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Gurney keen for Renegades return

20 February 2019

Depending on who you ask, Harry Gurney is either the best death bowler in the world or a battling fourth-grader, but the unassuming Englishman is eyeing a return to Australian shores.

Mark Waugh labelled him a "left-arm Mr Bean" and said his bowling style was reminiscent of a fourth-grader, but Big Bash champion Harry Gurney hopes his Melbourne Renegades stint isn't the last Australia has seen of him.

Twenty20 veteran Dan Christian reckons Gurney is the best death bowler he's ever played with and the clever paceman again delivered in the Gades' remarkable KFC BBL triumph, conceding just 20 runs from his four overs in the Stars' stunning final implosion.

The 32-year-old quick is out of contract for next season, but after going at just 7.17 an over in nine games bowling primarily at the death and in the powerplay, he's hopeful the Renegades will have him back next summer.

Beyond that, he also has one eye on next year's T20 World Cup to be held in Australia.

While Gurney hasn't played for England since 2014, the likes of Adil Rashid, Jofra Archer and Joe Denly have all enhanced their reputations back home with standout BBL campaigns in recent years. 

"I'd absolutely love to (return to the Renegades)," Gurney told cricket.com.au. "I love Australia. It's a great place.

"The Big Bash is a really good show. It's been really special. You'll have to ask the coach and the director of cricket if they want me back.

"(England selection) is not something I devote a huge amount of thought to. But there is a (T20) World Cup here in (the northern) autumn next year so I intend to spend the next few months just playing as much T20 cricket as I can around the world.

"If the call comes from England, then that would be amazing. If not, I'm pretty happy with the career I've had and I'm excited for the next two or three years anyway."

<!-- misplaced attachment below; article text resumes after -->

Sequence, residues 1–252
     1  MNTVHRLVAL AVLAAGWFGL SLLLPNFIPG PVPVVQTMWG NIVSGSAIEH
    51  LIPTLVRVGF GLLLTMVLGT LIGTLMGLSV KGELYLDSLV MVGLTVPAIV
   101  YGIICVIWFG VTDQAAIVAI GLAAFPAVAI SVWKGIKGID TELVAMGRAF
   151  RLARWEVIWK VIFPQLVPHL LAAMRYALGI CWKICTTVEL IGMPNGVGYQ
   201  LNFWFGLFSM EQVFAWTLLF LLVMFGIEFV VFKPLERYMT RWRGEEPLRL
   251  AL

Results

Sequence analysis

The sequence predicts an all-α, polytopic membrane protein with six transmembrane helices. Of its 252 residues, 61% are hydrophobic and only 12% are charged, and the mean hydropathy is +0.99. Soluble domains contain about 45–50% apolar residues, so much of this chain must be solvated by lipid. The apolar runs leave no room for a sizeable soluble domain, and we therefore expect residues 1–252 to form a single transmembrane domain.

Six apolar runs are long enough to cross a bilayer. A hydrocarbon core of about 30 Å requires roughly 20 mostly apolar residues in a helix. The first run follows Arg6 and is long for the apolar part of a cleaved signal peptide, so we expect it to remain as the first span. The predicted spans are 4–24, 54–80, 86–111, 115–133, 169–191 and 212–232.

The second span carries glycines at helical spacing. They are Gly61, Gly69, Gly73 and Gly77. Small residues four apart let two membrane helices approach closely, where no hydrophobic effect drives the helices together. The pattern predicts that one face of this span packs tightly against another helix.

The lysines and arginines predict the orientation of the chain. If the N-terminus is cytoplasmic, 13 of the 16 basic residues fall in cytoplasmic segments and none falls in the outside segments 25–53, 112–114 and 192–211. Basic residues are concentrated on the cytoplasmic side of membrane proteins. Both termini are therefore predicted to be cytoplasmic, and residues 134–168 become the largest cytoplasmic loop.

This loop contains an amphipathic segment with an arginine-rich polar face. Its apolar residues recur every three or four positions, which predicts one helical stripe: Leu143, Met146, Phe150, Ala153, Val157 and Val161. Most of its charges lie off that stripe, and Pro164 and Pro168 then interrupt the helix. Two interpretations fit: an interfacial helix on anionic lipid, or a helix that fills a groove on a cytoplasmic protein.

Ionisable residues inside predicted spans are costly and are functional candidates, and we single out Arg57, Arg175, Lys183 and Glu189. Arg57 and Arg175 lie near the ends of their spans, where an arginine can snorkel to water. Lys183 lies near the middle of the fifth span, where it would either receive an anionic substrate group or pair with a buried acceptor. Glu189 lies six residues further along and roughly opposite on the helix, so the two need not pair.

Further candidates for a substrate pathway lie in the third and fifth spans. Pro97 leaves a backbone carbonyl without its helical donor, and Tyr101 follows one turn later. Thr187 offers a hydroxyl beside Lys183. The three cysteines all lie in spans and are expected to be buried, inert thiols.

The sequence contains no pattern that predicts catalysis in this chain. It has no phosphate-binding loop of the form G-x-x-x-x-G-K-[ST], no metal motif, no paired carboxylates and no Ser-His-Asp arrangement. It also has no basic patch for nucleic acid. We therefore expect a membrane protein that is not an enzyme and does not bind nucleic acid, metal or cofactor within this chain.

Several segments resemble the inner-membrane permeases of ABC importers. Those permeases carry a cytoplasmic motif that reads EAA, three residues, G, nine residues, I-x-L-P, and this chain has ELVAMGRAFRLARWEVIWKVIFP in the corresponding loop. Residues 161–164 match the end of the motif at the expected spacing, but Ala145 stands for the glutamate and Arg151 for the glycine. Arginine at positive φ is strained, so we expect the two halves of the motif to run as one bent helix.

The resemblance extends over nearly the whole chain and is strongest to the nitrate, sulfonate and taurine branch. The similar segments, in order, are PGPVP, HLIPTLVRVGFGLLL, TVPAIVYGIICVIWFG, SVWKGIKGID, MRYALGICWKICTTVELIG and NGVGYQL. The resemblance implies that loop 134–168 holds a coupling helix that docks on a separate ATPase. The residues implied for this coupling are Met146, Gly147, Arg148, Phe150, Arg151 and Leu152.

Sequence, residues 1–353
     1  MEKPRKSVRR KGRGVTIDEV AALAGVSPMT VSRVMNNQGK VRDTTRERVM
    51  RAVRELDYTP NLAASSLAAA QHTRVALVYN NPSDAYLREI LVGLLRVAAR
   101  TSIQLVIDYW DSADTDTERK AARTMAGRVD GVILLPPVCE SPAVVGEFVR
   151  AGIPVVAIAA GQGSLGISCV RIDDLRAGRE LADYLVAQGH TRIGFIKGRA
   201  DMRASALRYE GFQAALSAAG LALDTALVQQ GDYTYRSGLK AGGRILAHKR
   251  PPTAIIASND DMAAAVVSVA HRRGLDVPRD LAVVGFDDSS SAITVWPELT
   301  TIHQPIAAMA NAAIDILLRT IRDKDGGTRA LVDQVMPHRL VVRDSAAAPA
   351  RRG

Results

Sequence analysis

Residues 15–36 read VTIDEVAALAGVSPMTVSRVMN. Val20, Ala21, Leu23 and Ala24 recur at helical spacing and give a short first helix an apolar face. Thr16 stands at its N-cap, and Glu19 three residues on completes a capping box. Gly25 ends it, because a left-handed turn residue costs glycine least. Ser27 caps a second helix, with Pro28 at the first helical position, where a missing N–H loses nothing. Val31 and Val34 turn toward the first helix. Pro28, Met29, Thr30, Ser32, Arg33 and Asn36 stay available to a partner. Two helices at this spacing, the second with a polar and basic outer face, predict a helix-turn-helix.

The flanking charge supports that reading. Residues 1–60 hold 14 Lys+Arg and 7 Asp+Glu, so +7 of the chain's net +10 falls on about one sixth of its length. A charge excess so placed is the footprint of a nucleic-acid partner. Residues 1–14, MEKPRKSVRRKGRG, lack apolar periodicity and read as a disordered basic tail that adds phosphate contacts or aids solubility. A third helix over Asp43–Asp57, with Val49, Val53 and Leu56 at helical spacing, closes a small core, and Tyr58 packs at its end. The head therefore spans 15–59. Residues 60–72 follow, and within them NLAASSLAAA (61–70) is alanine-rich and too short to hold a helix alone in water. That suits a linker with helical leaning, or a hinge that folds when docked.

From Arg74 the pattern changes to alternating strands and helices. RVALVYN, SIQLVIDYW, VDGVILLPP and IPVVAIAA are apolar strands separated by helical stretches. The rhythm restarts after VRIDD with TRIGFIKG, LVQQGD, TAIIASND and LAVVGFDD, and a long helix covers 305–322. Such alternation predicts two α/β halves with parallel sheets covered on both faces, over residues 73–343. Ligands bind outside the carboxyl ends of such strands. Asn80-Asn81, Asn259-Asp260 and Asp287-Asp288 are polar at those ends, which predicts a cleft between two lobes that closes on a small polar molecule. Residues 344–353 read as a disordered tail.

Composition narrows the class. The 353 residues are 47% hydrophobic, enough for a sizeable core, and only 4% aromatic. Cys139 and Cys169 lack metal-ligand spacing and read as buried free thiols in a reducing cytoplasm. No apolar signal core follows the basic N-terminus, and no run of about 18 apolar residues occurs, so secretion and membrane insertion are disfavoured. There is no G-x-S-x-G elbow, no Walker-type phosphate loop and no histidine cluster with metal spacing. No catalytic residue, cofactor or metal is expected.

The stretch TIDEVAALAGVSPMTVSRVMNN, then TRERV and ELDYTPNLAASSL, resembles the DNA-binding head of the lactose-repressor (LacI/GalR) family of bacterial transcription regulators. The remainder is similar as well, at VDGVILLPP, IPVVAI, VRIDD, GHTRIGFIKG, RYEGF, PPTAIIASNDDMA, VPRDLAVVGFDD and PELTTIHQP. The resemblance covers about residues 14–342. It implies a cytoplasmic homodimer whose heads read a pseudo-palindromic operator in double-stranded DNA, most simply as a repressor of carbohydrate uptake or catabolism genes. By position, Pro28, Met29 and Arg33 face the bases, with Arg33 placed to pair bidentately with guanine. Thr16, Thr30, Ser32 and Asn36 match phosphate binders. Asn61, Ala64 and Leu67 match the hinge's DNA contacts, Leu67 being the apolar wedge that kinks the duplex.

Gurney has made a career of flying under the radar and took Waugh's comments in the spirit in which they were intended.

"I've often over the years referred to myself as a professional cricketer playing within a 50-year-old accountant's body," Gurney, who holds a degree in economics, said with a smile.

"I'm not the most athletic, I think I've had some strength and conditioning coaches tear their hair out over the years with me.

"There probably would be a few accountants playing fourth-grade cricket, so it's probably a fair assessment."

On commentary for Fox Cricket, Waugh had said that Gurney is "the sort of player, if he rocked up to play fourth grade for Bankstown and you watched him bowl you'd say, 'Yeah okay, we'll give him another game'."

But, as Gurney pointed out on social media, the left-armer actually played for Waugh's former Sydney Premier Cricket side Bankstown back in 2012-13 – in the first XI, not the fourths, collecting 27 wickets at 14 in only eight games.

Waugh had clarified that his comments related more to Gurney's appearance than his bowling, later congratulating him on the win and called him an "excellent short form bowler".

"I think I fly under the radar a little bit, the way I am," said Gurney, who co-owns a pub with England fast bowler Stuart Board. "I don't carry on on the pitch too much. And I don't bowl 150kph. I pride myself on doing a job for the team as often as I possibly can.

"I'm comfortable with that as long as I keep winning trophies like this. It's an amazing feeling."

The Renegades' title is the second T20 championship Christian and Gurney have played in together after the pair played starring roles in Nottinghamshire's 2017 triumph in the United Kingdom.

"He's an absolute gun," Christian said of Gurney. "He's the best death bowler I've played with anywhere around the world.

"I'd love to see Mark Waugh face him at the death, I don't think he'd be able to get him.

"He's got too many tricks, he bowls the perfect yorker.

"I was really pleased for him to close that game out for us again, he's did a great job for us all season."